January 11, 2014 Posted by | Bible Study, Nonfiction, Torah Commentary | , , , , , , , , , , , , , , , , , , , , , , , , , , , , , , , , , , , , , , , , , | Leave a comment

And Little Lambs Eat Ivy


Spotted Lambs by Flickr User Eva Mayer aka Eva Ganesha, CC License = Attribution, Noncommercial

Spotted Lambs by Flickr User Eva Mayer aka Eva Ganesha, CC License = Attribution, Noncommercial
Click image to open new tab to access original image and user’s photo stream on Flickr.

I don’t know how many years I sang words that sounded something like “marezeedotes and dozeedotes¬†and little lambsy divey,” but as a child, I did not understand that this song was about real animals. I really didn’t understand the word “akittleediveytu,” and why it then asked the question, “wouldn’t you?”

When I first read the Old Testament words from Exodus 13:1 through Exodus 13:16, it is also likely I didn’t understand all the types and shadows I was reading of that God had set up intentionally. Reading in this part of the Bible used to sound confusing to me, much like the words to the song, Mairzy Doats¬†above. But now, I not only understand it, I personalize it.

Today’s story begins with God claiming that the firstborn of all creatures belongs to Him. Well, guess what? I’m a first-born child. Wow, that means I belong to Him! Of course, I love to read it that way, but it doesn’t mean I believe that my younger sister belongs any less to Him than I do. I know we are both redeemed by the blood of The Spotless Lamb that came in the form of Yahshua our Messiah and willingly laid down His own life for each of us–as well as for everyone who receives Him.

As God explains everything to Moses about lambs, redeeming firstborn humans with lambs, redeeming goats, etc., the thing He keeps repeating in this reading is that His people should never forget. He wants us to remember for ourselves by marking birth with redemption. He wants us to remember by wrapping His words around our hands and heads. This is likely talking of what we will see described later in the Torah, and what in Judaism is called “phylacteries,” but I’m certain there is also a type and shadow in this to make sure His words are written in everything we do and in everything we think.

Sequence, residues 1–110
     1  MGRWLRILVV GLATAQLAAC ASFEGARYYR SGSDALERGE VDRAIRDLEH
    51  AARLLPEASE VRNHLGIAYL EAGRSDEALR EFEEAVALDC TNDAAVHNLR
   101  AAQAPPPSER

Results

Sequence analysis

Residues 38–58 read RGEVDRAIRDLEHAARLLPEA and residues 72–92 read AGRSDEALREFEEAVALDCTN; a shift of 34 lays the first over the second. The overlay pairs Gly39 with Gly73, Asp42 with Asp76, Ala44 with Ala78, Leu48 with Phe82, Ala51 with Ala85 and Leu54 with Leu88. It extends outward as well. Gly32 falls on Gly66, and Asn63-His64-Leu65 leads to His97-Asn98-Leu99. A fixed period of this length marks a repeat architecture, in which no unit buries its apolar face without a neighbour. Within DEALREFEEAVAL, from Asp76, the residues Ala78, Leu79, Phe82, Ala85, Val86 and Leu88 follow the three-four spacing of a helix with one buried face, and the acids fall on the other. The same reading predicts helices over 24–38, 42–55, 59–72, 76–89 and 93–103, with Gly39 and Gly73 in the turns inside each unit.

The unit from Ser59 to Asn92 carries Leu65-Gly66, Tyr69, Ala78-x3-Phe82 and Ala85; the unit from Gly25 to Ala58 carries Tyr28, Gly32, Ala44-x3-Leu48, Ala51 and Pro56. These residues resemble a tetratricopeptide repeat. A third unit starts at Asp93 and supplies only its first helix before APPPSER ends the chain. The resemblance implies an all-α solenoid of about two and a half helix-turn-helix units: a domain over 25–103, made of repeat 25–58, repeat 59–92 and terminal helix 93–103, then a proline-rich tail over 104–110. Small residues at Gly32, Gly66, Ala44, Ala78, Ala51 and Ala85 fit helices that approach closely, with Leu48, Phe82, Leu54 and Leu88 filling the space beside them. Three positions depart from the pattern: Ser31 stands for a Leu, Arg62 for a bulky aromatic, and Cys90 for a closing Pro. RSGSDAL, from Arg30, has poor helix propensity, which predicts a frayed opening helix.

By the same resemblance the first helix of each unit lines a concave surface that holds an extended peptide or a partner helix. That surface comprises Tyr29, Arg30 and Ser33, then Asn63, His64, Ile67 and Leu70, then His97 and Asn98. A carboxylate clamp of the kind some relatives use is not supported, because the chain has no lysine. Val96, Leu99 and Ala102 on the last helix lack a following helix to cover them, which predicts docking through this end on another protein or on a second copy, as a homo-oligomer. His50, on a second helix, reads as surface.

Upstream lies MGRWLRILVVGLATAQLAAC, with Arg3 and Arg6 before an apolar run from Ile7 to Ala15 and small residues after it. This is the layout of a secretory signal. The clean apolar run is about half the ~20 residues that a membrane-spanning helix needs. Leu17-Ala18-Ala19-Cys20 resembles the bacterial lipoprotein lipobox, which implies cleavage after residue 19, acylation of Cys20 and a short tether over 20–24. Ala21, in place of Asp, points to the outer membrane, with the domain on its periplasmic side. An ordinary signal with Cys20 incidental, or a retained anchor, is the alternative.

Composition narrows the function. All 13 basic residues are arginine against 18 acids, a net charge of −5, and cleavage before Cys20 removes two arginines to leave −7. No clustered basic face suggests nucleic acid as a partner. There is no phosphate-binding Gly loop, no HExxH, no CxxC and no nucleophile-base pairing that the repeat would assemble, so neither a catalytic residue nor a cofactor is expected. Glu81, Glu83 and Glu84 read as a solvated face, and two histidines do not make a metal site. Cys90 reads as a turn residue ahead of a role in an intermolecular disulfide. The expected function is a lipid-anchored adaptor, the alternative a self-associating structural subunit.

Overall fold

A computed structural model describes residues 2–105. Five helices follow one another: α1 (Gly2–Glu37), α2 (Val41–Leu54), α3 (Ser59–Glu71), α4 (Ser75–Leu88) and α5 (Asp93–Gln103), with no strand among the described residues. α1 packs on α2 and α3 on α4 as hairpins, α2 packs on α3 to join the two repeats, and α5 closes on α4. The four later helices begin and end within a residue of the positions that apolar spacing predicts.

More than once, God tells the people to pass these stories to their children, so that when they are living in the land of plenty that is promised to the seed of Abraham, they will know it came by way of a great deliverance by the Hand of God. And I don’t find it coincidental that He would tie that deliverance to physically cleansing the land and houses of all types of leaven (representing pride and sin) because it lines up with the New Testament Scripture in Ephesians 2:9 that says, “You were not delivered by your own actions; therefore no one should boast.

None of this is really any more of a mystery than the fact that mares eat oats, and does eat oats, and little lambs eat ivy. Serving God is as simple as it is beautiful even if it is not always easy. If we just remember where God should be in every part of our lives–FIRST–we will have a way to follow that will lead us on a path to eternity with Him.

~~~~~~~~~~~~~~~~~~~~~~~~~~~~~~~~~~~~~~~~~~~~

After I posted this, I found a video of the above song on YouTube, and it has an adorable slide show to go along with it…

January 10, 2014 Posted by | Bible Study, Nonfiction, Torah Commentary | , , , , , , , , , , , , , , , , , , , , , , , , , , , , , , , , , , , | Leave a comment

Graveyard Shift


Night Watchman by Flickr User Brian Hawkins, CC License = Attribution, Noncommercial

Night Watchman by Flickr User Brian Hawkins, CC License = Attribution, Noncommercial
Click image to open new tab to access original image and user’s photo stream at Flickr

I was just talking to my husband today about how much I used to like to work the graveyard shift. I worked in the travel store of a truck stop off Interstate 40, so it was like day in the middle of the night there. It was lit up, it was noisy with talk and diesel engines running outside, and if families were traveling late, the sleepy kid chatter was even fun to listen to. I loved the busyness that kept me going through the night, and I loved getting off work just in time to see beautiful desert sunrises. During the warmest months, I’d get my grocery shopping done and then go swimming in the pool at my mobile home park before anyone else was even awake yet. I think that’s why I’m still a bit of a night person.